It saddens and angers me when I see children who aren’t being taught or given access to proper dental care. Tooth decay, sometimes referred to by professionals as dental caries, doesn’t have to happen. It can be prevented by healthy dietary habits and good oral hygiene behavior. Children should be exposed to fluoridated water and receive routine preventive oral health care that includes being taught to brush and floss their teeth.
Good eating habits and food preferences are established when children are young. Oral health is dependent on good nutrition. Poor nutrition will eventually lead to poor health, possibly obesity and tooth decay. Dental caries and periodontal disease are the most prevalent chronic, common and transmissible infectious oral conditions found in humans.
How does tooth decay occur?
Tooth decay is actually an infectious bacterial disease. The diet a child consumes plays an important role in whether dental caries develops. The more sugar and the more frequently that a child consumes sugar, the more likely the risk of developing dental caries or cavities.
Sucrose is the worst form of sugar for dental caries because it can form a long molecule called glucan. This ‘glue’ allows bacteria to attach to tooth enamel and holds bacterial acid close to the surface of teeth. Tooth decay is caused by a combination of factors: food, cavity-causing bacteria, susceptible teeth and frequent exposure to sugar. Bacteria attach to teeth and thrive in dental plaque. The bacteria use sugar to produce acid. When there is enough bacterial acid coating the tooth surface, loss of the enamel occurs.
Dietary factors that cause tooth decay
— Consuming sugar-sweetened liquids such as soda, fruit drinks, energy drinks, sweetened teas and coffees
— Eating sticky, sweet food such as taffy or caramels maintains high sugar levels in the mouth
— Giving young children a bottle or sippy cup with juice or other sweetened liquid are at an increased risk of developing early childhood caries. Children should only have water in their bottle or sippy cup between meals.
— Providing children with sugary junk foods such as slowly dissolving candies
— Frequent consumption of sugary snacks such as cookies, cakes, candy bar type granola bars
Good nutrition on the part of the mom during pregnancy is very important for healthy development of baby teeth. The mineralization of baby teeth occurs around month three to four of gestation. If there are nutritional deficiencies during pregnancy problems such as poor enamel formation, delayed dental eruption, small tooth size and susceptibility to dental caries can occur.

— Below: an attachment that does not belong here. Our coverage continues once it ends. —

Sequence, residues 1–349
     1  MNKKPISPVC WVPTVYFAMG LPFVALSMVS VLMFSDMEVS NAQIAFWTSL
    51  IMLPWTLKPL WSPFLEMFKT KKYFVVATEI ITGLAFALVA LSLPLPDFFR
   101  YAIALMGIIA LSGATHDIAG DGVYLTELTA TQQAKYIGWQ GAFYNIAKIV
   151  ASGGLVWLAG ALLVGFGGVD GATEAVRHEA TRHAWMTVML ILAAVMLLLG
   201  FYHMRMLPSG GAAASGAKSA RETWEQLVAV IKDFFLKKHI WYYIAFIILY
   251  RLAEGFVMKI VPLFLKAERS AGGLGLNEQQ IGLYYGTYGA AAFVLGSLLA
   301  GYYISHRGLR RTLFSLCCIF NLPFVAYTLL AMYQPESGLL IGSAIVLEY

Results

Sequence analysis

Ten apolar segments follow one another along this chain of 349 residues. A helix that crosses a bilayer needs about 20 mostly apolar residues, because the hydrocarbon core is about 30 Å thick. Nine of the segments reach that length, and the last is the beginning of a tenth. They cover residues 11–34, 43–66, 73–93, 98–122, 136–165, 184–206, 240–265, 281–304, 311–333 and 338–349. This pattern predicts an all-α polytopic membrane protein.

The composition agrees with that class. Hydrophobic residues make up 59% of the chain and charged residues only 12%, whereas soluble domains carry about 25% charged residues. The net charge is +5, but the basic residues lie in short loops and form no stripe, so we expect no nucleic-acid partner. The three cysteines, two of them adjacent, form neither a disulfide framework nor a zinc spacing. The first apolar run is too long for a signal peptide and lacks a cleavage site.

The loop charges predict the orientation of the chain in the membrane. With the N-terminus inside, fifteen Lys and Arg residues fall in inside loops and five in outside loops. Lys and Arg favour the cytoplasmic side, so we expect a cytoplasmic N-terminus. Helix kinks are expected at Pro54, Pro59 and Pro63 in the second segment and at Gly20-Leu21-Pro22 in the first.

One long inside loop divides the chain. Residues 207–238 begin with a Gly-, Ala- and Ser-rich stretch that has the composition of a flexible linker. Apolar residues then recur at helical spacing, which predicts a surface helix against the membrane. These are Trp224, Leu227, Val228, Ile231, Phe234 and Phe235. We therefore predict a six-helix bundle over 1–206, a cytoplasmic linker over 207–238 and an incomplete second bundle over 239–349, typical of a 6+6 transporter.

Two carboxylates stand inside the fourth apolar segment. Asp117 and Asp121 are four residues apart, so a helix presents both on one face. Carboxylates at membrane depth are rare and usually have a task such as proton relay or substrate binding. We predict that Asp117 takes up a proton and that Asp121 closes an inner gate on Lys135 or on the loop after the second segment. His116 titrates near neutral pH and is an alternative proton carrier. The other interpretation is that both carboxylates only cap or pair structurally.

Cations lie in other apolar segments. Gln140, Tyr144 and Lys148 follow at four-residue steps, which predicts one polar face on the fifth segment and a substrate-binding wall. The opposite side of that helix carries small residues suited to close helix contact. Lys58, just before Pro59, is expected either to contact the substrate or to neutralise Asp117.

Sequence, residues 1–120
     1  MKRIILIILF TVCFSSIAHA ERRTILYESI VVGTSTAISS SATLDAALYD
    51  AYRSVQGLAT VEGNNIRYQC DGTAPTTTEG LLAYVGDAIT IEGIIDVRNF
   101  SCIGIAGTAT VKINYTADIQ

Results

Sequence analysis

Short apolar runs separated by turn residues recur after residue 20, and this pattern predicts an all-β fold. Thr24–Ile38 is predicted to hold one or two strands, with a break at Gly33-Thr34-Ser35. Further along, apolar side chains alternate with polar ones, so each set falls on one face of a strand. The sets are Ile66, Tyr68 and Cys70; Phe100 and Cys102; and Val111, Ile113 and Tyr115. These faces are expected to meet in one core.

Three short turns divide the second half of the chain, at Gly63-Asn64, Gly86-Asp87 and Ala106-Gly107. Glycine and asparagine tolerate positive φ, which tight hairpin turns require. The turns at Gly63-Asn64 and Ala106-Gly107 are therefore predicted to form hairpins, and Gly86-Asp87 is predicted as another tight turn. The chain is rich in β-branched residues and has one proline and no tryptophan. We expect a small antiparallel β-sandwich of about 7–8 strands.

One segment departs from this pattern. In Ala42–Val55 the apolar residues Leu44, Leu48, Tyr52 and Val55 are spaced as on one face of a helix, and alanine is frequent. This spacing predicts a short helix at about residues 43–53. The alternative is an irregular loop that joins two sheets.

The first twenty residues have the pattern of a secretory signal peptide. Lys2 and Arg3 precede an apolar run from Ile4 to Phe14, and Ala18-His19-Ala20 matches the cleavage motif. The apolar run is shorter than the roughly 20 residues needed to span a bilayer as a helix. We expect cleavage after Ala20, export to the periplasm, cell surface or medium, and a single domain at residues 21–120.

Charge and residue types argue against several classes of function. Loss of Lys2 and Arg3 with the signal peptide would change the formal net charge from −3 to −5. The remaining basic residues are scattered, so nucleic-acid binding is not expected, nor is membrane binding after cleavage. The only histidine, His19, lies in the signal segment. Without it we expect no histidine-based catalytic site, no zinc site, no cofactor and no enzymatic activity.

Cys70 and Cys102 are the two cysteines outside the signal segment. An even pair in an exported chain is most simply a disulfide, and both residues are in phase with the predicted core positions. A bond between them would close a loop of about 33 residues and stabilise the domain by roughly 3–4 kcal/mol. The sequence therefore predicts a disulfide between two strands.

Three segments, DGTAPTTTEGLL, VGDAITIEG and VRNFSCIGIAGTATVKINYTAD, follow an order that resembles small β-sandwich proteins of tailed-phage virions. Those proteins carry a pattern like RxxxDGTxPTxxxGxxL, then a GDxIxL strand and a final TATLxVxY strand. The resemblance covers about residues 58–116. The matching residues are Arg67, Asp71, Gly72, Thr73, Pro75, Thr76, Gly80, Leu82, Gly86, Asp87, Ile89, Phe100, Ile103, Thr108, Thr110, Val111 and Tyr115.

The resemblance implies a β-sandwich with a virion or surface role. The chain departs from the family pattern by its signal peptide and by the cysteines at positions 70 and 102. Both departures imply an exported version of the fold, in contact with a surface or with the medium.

Tooth loss, dentures and implants
Tooth loss and replacement with dentures can impact the ability to bite, chew and swallow food. This ultimately impacts diet quality and nutritional status. The digestion of starches begins in the mouth when foods are chewed and enzymes mix with starches. Eating with dentures is not equivalent to eating with natural teeth. The potential for nutritional deficits to lead to malnutrition in elderly denture wearers is high. Chewing capacity with regular dentures is considered to be only 20 to 25 percent that of regular teeth. People with full dentures often avoid many fresh fruits and vegetables and bite and chew larger sized particles of food.
Eating Patterns associated with decreased risk of dental caries
— Space food and beverages at least two hours apart.
— Consume fresh, whole and unprocessed foods to stimulate salivary output.
— Chew sugarless gum for a brief period of time immediately after a meal.
If dental health is of concern to you, consider attending the free See & Smile event 6-7:30 p.m. Tuesday, April 8, at PCHC Dental Center, 1048 Union St. The event is hosted by PCHC and Bangor Housing. Transportation is available and children are welcome to attend and tour the dental center, meet and greet staff, taste some health snacks and receive information on dental services. Information can be obtained by calling Angela Damon at 992-2152. The See & Smile event sponsors are working to ensure that area school age children have access to quality dental care.
Georgia Clark-Albert is a registered dietitian nutritionist and certified diabetes educator at Penobscot Community Health Care in Bangor. She provides nutrition consultant services through Mainely Nutrition in Athens. Read more of her columns and post questions at bangordailynews.com or email her at GeorgiaMaineMSRDCDE@gmail.com.